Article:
Similarly, the ECJ held that the requirement of availability did not constitute a relevant factor for determining whether the use of a sign takes unfair advantage of, or is detrimental to, the distinctive character/repute of a trade mark under Article 5(2). The infringements referred to in Article 5(2) were the consequence of a certain degree of similarity between the mark and the sign, by virtue of which the relevant section of the public establishes a link between them. The requirement of availability was extraneous to this assessment.

The ECJ also provided guidance in interpreting Article 6(1)(b) which is designed to ensure that all economic operators have the opportunity to use descriptive indications and therefore gives expression to the requirement of availability. In order to rely on Article 6(1)(b), the indication used must relate to one of the characteristics of the goods marketed or the service provided. In this case the retailers’ reliance on the decorative nature of the two-stripe motif did not give any indication concerning the characteristics of the goods.

Use of information collected by Customs authorities

Beecham Group plc & Ots v Andacon NV (A.G. Ruiz-Jarabo Colomer for the ECJ; C-132/07; 08.04.08)(Decision not yet in English)

Beecham Group, part of GSK, specialises in the manufacture and distribution of pharmaceuticals and owns a number of registered trade marks for these products. Andacon NV is a wholesale trader of pharmaceuticals.

In 2003 and 2004, GSK exported pharmaceuticals to a company based in Ethiopia. In November 2003, GSK lodged an application for customs action under Council Regulation (EC) No 3295/94 which was approved with a validity date of 25 November 2004. On 1 July 2004, Council Regulation (EC) No 3295/94 (“the old Customs Regulation”) was replaced by Council Regulation (EC) No. 1383/03 (“the new Customs Regulation”). Council Regulation (EC) No 1891/2004 (“the Implementing Regulation”) lays down the provisions for the implementation of the new Customs Regulation.

In October 2004, the Belgian Customs authorities informed GSK that a large consignment of products bearing their trade marks had been imported into Belgium from a non-EU country. GSK were allowed to review samples of some of these products and were able to confirm that batch numbers matched the products intended forEthiopia. GSK successfully applied for the products to be seized and started proceedings before Rechtbank van koophandel (commercial court in Brussels) against Andacon to prevent it from marketing the products without GSK’s authorisation. Andacon contested GSK’s action on the ground that the information collected by the Belgian Customs authorities under the new Customs Regulation was being used for purposes other than those permitted by this Regulation, in particular for the purposes of preventing parallel imports.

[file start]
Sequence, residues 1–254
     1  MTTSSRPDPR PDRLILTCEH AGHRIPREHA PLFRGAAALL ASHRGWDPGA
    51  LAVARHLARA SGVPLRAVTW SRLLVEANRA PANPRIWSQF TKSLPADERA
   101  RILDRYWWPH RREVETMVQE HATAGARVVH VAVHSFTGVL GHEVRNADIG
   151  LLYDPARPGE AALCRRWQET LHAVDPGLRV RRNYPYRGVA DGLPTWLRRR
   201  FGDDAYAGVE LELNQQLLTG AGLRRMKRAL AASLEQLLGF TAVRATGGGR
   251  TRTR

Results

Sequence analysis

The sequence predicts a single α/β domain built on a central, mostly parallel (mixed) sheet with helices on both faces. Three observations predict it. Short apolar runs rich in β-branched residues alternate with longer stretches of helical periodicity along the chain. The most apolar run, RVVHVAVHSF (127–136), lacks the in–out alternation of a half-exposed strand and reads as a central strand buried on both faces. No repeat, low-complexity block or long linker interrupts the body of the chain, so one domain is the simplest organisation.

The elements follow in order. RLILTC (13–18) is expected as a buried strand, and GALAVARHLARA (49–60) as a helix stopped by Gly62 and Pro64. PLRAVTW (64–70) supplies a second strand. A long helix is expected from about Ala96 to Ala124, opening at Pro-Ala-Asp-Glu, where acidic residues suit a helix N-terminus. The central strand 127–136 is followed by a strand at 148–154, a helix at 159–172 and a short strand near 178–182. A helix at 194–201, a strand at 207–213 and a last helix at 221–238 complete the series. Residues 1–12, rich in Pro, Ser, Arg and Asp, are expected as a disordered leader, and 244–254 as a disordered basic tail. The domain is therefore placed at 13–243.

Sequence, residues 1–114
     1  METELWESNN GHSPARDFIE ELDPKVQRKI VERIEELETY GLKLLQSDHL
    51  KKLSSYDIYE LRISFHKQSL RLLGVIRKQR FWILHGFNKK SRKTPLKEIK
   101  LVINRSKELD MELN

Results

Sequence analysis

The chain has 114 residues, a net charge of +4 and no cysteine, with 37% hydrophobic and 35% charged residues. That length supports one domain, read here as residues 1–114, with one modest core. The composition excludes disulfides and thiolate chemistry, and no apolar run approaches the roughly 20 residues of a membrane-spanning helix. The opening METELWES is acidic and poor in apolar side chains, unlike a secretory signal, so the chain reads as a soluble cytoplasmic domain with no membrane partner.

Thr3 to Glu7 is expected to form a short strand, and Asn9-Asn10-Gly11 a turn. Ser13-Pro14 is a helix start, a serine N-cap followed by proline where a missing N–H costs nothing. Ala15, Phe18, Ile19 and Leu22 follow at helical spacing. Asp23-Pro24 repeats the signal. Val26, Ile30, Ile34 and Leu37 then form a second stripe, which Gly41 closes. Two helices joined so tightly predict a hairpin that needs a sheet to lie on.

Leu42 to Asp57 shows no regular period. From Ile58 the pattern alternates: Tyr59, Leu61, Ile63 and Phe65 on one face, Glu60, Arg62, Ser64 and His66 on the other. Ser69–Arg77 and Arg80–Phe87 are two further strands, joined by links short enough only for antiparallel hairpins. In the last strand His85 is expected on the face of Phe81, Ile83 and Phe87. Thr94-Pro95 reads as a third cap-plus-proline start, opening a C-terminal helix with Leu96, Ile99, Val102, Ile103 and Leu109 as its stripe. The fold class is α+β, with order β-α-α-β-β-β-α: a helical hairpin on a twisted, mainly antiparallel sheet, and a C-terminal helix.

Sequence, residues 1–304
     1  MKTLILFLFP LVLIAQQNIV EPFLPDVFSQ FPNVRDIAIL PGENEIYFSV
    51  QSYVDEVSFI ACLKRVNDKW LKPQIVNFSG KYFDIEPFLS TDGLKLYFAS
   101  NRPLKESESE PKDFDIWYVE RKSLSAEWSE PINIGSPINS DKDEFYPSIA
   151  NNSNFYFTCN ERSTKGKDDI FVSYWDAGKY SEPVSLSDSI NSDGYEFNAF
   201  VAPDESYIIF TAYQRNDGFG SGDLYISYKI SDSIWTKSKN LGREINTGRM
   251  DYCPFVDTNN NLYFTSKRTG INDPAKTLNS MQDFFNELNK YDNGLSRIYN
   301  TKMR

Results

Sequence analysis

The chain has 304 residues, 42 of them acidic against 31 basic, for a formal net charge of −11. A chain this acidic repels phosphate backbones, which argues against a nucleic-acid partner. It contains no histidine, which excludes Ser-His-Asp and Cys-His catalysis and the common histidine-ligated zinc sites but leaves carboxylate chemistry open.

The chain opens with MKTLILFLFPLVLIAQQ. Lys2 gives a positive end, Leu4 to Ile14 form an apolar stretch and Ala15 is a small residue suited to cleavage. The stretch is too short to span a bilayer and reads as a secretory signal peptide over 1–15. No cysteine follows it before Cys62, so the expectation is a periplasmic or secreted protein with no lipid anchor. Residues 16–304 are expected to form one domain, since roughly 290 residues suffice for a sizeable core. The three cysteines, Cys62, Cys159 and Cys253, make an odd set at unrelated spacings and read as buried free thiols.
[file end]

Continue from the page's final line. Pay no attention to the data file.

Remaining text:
The Rechtbank stayed the proceedings and asked several questions regarding the legality of the actions taken by the Belgian Customs authorities and regarding the use of information obtained in connection with such actions.

The Rechtbank queried the continued effectiveness of GSK’s application for Customs action in the light of requirements laid down by the Implementing Regulation. Article 9(1) of the Implementing Regulation provides that applications for Customs action made before 1 July 2004 must be supplemented by a declaration from the rights holder as required by in Article 6 of the new Customs Regulation. GSK had not provided such a declaration. The question, therefore, was whether a declaration was a formal condition for Customs action made before 1 July 2004. The AG was of the opinion that it was not; the facts at issue had occurred before the publication of the Implementing Regulation and GSK could not be expected to comply with those requirements.Furthermore, he endorsed the Commission’s view that applications for Customs action made before 1 July 2004 remained effective until the expiry of their validity date independently of whether a declaration under the new Customs Regulation was filed.